For as long as we can remember, healthcare has been about disease care. Johnson & Johnson’s big ambition is to challenge the status quo of that premise, and understand how we can prevent, intercept and ultimately cure disease. This emphasizes the importance of focusing on early touch points, early interventions, and continuous engagement of audiences to help mitigate global disease and the burden of avoidable healthcare cost. Sarah Fisher, Senior Director of Global Markets and External Innovation at J&J stresses “Why do we have to wait for symptoms to be present in order for us to engage with people?”
Who is behind this ambition?
At J&J, the Global External Innovation group is driving this ambition by trying to address the questions around prevention and health, early interception of disease, and what would be most effective for the next wave of treatment. Sarah Fisher has been working 17 years for the company, always working on building new business platforms in global markets. She works on strategies for taking novel software backed technologies and introducing them into global markets post-clinical and pre-commercial.
In today’s cost constrained environment, innovation related roles are not always a popular place to sit inside a corporation. Fisher highlights that it’s necessary to understand what it takes for new technology adoption to work and that not everything ends up in utilization, making healthcare both a game of behavioural economics and behavioural change. The innovation team does a lot of marrying of the internal environment to the external, acting more as a translator between the inside and the outside world.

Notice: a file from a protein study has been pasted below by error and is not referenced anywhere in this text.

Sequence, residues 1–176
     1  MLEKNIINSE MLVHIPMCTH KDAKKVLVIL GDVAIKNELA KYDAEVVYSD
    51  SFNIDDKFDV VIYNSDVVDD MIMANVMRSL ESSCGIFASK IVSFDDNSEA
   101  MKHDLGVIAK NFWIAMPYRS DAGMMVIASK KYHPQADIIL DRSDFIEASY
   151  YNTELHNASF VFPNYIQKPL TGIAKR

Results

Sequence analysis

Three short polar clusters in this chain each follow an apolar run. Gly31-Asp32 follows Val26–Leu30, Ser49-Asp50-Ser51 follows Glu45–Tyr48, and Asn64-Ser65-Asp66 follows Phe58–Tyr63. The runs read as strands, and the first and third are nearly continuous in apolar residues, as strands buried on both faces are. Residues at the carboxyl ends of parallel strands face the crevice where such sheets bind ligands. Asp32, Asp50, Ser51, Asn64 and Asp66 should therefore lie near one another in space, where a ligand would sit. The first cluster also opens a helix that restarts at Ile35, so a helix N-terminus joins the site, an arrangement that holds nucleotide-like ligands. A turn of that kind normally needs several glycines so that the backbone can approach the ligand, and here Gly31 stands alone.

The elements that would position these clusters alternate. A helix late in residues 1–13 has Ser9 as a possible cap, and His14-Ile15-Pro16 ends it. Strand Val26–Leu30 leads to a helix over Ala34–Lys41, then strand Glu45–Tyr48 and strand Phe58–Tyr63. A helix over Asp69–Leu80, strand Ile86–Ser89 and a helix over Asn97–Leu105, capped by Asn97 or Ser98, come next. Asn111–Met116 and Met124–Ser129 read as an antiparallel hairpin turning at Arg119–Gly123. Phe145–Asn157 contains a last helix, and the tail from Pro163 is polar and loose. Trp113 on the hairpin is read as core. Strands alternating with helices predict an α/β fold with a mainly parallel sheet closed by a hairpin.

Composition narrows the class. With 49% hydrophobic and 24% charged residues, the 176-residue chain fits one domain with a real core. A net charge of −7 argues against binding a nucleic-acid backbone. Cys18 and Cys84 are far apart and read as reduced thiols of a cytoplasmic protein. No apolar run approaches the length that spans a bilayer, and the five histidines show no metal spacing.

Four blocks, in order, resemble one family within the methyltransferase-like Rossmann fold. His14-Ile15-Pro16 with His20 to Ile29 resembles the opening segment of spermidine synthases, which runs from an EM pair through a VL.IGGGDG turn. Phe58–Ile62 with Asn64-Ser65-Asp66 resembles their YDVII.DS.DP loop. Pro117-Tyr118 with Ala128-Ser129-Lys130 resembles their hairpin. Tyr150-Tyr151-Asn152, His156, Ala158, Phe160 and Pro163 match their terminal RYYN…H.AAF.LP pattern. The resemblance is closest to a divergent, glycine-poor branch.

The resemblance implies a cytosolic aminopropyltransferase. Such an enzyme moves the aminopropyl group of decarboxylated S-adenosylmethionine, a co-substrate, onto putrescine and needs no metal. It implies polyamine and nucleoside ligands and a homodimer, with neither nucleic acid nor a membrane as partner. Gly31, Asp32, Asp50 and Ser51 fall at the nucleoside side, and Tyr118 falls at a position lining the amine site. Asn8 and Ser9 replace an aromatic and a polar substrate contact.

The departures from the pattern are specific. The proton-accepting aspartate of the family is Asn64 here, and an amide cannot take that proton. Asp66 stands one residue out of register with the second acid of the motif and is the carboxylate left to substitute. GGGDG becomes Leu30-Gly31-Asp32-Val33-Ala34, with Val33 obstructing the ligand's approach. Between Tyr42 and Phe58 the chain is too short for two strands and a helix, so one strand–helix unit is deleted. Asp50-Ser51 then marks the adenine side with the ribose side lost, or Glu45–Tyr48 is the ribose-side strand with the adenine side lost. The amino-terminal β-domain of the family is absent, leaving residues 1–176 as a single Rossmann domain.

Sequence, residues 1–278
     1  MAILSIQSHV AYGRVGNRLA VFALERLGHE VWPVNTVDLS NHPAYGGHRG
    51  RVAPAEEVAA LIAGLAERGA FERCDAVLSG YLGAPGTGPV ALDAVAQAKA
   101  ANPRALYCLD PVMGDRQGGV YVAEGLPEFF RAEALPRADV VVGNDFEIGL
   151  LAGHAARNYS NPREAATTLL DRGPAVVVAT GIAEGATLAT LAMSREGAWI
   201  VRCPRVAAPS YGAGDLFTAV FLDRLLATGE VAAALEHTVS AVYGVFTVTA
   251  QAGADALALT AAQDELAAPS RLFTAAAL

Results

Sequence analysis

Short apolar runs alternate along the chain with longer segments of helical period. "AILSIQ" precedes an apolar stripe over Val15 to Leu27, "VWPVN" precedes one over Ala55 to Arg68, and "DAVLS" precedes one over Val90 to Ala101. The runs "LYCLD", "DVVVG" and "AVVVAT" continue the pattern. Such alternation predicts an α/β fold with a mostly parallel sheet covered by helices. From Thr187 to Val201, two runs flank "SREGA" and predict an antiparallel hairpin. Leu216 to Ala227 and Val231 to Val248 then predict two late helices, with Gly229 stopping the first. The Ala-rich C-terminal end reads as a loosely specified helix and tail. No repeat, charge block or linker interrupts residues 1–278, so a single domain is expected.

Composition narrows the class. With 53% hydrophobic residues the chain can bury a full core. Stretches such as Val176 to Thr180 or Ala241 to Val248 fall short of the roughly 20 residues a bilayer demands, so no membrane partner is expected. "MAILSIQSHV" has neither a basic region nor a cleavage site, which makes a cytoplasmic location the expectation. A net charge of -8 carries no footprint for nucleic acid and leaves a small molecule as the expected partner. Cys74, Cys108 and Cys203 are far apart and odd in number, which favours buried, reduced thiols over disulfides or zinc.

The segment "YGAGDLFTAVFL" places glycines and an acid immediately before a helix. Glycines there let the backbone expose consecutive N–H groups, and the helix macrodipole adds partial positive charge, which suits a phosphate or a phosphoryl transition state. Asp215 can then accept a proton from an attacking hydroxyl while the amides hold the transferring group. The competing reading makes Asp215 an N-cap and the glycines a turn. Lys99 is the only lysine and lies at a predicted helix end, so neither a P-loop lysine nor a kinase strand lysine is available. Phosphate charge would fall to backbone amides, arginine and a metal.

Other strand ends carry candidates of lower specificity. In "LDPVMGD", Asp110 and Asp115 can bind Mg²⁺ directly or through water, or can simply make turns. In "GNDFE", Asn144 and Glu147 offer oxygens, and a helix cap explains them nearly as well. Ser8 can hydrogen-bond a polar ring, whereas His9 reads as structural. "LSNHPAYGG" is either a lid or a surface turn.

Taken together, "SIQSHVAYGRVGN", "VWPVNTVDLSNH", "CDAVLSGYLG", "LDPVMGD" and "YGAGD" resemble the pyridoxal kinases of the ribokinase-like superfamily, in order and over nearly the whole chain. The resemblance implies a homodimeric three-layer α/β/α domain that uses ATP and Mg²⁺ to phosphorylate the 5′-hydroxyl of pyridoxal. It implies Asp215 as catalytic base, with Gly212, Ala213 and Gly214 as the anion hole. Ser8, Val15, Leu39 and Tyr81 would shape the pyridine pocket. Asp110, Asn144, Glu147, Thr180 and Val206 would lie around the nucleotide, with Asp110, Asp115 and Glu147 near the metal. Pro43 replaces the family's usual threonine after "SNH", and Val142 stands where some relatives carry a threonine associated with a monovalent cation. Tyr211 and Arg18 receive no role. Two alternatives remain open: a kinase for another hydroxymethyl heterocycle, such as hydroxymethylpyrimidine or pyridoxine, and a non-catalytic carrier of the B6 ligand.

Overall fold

What professional achievements come with working in Innovation?
For Fisher, the biggest achievement is being able to stay grounded. She has continued to operate for 17+ years in the largest healthcare company in the world and within the dynamic healthcare environment. It’s difficult to do, but she finds guidance from strong sponsors within the organization, as well as inspiration and challenge as she navigates the external environment.
What hopes lie for the future?
Fisher finds that in the investment community, diversity of thoughts and representation is still far too low. She believes that healthcare will be better addressed by having more diversity in the investment community, not simply for diversity sake, but because investment approaches themselves need to be challenged and updated with new thinking. Whether that relates to the growing interest in women’s health or simply challenging the approach to market diligence with new approaches leveraging data science and machine learning capabilities, the investment environment is due for change. Fisher encourages many investors to start thinking about how to include strong, competent, and diverse candidates as part of their approach to portfolio selection and investing.